If we have multiple independent proxies for the feature we want, then we are more confident when all our proxies tell us the same thing. Having an "ensemble" of proxies allows many of the same benefits that having an ensemble of models does: special cases may violate some of our proxies, but are unlikely to violate most of them. Taking multiple proxies is the opposite for having a "single source of truth" - instead we have multiple measures to allow us to estimate the unobtainable feature, as well as a degree of uncertainty.
Having a single source of truth allows us to operate without uncertainty, which for a software engineer is a good thing. When writing programs as a data scientist, you should also maintain a single "state" of your application and pipeline.
Dealing with the data is different. We want to use "multiple watches" to allow ourselves to estimate the uncertainty in our measurement. Any measurement that isn't just counting has an uncertainty attached to it. Even simple counting tasks, such as counting the number of unique users accessing your site, has some degree of uncertainty associated with it (thanks to ad blocking and private browsing modes). When assessing click though rates on ads, even if we can count what happened with no undertainty, the thing we are really trying to measure is the click-through rate, which is the rate in which our population would click on the ad, and we are inferring that from our sample data. This inference introduces uncertainty as to how well our sample will generalize.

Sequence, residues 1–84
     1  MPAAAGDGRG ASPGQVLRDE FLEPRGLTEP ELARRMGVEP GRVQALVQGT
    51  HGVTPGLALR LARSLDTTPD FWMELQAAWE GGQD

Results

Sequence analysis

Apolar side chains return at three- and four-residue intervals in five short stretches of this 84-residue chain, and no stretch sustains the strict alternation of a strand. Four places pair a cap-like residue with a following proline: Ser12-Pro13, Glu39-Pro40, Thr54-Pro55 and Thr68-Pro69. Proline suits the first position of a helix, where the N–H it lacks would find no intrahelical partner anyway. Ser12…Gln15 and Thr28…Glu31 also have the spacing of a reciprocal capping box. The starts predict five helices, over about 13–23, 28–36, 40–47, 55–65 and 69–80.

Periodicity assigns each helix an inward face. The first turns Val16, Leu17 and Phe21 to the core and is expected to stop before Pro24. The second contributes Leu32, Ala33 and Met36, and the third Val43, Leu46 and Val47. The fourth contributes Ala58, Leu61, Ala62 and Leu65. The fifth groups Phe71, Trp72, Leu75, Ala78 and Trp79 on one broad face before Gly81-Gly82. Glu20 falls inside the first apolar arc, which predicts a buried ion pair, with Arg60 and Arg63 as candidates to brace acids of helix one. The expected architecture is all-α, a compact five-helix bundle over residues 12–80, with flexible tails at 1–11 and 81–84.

The idea of a single source of truth comes from software engineering, where it is used to ensure that our application is in one consistent state. In data science, in contrast:
- we should have a single definition for our metric or target,
- we should construct features multiple different ways, to see what effect it has (and what the uncertainty is)
- especially when using proxies, we should ensemble them to reduce "sterotyping" individual points, and make our inferences more robust.
- Article on the Pros and Cons of Changing definitions.